For our Nov. 3 Issue, We polled NHLers and hockey insiders to find out who are the NHL’s scariest in various modes of the game. When it came to punching and hitting, two men quickly rose to the fore.
SCARIEST FIGHTER: Calgary’s Brian McGrattan isn’t just the best fighter in the NHL. He’s quickly becoming a parent pugilist.
Last season, during his tilt against strong up-and-comer Luke Gazdic of Edmonton, the Flames enforcer handed his Oilers counterpart a heavy dose of fists before giving him a congratulatory pat on the side of the head once the officials stepped in. Similarly, McGrattan took on Dylan McIlrath in what was no doubt a big deal for the 21-year-old New York Rangers rookie.
McGrattan bloodied the 6-foot-5, 220-pound youngster (whose nickname in junior was ‘The Undertaker’) but then gave him some words of encouragement as they were broken apart. It’s rare to see someone smiling and bleeding simultaneously the way McIlrath was.
But make no mistake: taking on McGrattan isn’t for the faint of heart.
“He’s obviously one of the toughest,” said former Nashville teammate Shea Weber. “And he enjoys his job, which makes him a little scarier.”
At 6-foot-4 and 235 pounds, McGrattan, 33, has the size and the punching prowess to live up to his billing as the top heavyweight. He often starts fights in a bent-over stance, his eyes scanning the opponent for weakness. And once the festivities kick off, he’s throwing bombs or countering with short jabs as he holds onto the scruff of his enemy’s collar. If he sees an opening, McGrattan goes overtop in a flurry, as if he’s trying to get better reception on an old TV set.
No matter how he does it, the melee usually ends with McGrattan standing and his opponent on the ice or saved by the refs. Either way, it’s another victory for the big guy in red.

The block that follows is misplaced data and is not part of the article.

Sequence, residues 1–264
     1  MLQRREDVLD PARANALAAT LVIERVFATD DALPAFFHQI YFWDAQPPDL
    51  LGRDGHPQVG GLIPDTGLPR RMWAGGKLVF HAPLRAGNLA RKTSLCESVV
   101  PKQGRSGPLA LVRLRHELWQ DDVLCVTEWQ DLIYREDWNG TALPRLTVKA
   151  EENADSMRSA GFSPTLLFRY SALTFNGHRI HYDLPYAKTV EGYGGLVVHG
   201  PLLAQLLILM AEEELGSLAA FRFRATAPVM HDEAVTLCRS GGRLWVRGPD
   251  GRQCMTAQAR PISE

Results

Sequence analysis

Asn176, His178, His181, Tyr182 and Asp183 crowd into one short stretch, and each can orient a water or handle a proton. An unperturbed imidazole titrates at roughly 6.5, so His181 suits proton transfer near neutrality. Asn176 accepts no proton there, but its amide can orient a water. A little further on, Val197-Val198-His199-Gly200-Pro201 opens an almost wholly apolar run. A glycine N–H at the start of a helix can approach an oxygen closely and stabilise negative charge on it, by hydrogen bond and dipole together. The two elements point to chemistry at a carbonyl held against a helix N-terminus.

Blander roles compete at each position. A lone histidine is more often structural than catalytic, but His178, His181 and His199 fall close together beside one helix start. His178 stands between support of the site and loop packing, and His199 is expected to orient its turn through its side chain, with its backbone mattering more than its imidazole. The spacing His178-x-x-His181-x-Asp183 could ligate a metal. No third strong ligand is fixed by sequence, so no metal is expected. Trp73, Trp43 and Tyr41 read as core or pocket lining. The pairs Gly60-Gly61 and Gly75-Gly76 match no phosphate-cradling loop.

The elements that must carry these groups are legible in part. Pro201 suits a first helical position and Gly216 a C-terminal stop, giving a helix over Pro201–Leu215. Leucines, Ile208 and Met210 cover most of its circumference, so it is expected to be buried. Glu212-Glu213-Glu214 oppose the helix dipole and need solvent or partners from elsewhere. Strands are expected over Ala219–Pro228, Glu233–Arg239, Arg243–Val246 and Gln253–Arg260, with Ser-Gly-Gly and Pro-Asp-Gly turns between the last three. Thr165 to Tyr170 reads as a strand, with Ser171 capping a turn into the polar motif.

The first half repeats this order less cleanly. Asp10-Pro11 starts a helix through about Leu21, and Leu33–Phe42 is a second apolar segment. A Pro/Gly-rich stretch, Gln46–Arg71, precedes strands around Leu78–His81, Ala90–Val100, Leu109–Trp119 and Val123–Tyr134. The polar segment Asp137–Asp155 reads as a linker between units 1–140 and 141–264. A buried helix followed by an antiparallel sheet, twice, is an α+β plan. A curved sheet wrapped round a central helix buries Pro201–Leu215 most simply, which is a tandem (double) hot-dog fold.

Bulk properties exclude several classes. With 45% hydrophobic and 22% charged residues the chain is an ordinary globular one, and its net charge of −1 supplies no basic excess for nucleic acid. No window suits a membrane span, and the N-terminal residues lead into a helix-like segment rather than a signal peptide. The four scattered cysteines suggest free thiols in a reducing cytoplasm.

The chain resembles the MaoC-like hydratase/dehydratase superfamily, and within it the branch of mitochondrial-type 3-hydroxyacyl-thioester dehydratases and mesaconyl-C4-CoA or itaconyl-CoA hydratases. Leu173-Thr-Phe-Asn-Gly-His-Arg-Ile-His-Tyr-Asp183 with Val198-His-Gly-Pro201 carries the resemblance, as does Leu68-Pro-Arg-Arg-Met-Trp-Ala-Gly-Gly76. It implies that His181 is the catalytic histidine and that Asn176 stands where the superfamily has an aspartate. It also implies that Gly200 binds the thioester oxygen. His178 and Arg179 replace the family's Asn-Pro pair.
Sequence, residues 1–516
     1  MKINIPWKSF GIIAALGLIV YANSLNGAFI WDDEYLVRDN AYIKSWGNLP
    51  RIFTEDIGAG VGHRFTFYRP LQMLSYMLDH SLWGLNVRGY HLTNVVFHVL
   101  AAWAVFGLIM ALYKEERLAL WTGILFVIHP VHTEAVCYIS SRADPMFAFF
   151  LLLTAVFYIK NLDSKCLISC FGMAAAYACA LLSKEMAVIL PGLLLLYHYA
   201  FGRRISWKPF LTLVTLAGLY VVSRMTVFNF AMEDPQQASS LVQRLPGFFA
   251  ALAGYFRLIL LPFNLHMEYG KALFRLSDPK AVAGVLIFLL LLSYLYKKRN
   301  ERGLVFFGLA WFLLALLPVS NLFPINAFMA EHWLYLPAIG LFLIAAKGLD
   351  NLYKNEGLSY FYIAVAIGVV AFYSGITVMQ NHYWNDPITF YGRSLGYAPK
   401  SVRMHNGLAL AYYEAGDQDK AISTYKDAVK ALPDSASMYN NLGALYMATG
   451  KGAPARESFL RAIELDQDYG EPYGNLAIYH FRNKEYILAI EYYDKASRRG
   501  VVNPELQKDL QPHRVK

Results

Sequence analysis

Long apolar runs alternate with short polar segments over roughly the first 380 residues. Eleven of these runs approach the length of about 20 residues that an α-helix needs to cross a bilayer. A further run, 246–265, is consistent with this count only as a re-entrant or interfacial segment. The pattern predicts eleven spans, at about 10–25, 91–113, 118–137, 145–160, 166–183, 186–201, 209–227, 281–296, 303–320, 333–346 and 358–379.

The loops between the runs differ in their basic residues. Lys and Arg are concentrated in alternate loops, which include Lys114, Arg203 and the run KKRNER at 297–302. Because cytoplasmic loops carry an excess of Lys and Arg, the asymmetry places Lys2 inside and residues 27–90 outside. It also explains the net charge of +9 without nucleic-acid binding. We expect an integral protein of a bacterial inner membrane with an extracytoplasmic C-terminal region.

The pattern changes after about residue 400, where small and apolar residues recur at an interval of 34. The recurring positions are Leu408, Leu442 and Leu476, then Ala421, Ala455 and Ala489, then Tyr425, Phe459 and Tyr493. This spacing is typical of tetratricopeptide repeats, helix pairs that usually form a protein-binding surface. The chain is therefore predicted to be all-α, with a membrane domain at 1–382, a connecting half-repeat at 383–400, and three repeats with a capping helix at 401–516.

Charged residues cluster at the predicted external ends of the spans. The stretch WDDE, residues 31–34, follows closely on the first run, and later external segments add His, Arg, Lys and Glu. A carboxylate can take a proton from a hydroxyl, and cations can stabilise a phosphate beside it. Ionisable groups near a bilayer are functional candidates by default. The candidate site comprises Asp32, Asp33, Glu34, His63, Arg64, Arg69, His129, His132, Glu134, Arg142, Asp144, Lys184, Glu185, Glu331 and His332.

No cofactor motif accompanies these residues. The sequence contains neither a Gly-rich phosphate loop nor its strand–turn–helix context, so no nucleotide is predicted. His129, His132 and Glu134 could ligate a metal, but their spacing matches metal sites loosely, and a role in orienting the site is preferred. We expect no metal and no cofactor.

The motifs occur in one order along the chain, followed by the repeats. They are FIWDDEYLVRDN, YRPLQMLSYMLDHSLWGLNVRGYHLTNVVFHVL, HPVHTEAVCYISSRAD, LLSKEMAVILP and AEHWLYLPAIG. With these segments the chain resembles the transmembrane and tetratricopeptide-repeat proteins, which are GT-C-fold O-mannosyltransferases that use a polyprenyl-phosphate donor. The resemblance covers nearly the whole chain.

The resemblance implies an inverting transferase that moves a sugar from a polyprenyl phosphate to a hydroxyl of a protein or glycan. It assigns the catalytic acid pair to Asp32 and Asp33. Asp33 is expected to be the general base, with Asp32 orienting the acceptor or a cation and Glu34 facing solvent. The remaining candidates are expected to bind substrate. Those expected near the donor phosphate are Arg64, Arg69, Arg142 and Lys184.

SCARIEST OPEN-ICE HITTER:Niklas Kronwall has made a living blowing up guys in open ice and along the boards. Although his Red Wings have been known more for finesse than brute force, the Swedish rearguard remains a constant threat to toss opponents upside-down when he’s patrolling the ice.
“He’s definitely a guy you have to be aware of,” said Toronto’s James van Riemsdyk. “I’ve been out there when some guys have been crunched by him down the wall, throwing that hip check out.”
Ah yes, the hip check. It’s almost a lost art these days, but Kronwall is keeping the tradition alive. And if it’s not his hip, it’s his full body, propelled into an unsuspecting player – usually one trying to rush the puck out of the defensive zone. Martin Havlat, Ryan Kesler, Ales Hemsky and Ryan Malone are just a few of the unlucky players to have been “Kronwalled” over the years.
The most terrifying part? Kronwall still remains a responsible defenseman in the process.
“It’s the way he reads the play,” van Riemsdyk said. “He doesn’t hit and then get beat down the ice. He knows when to do it. He’s a smart player and he plays hard, so you have to be ready.”
But when the accelerated mass of Kronwall comes hurtling towards you with a split second’s notice, how ready can you ever really be?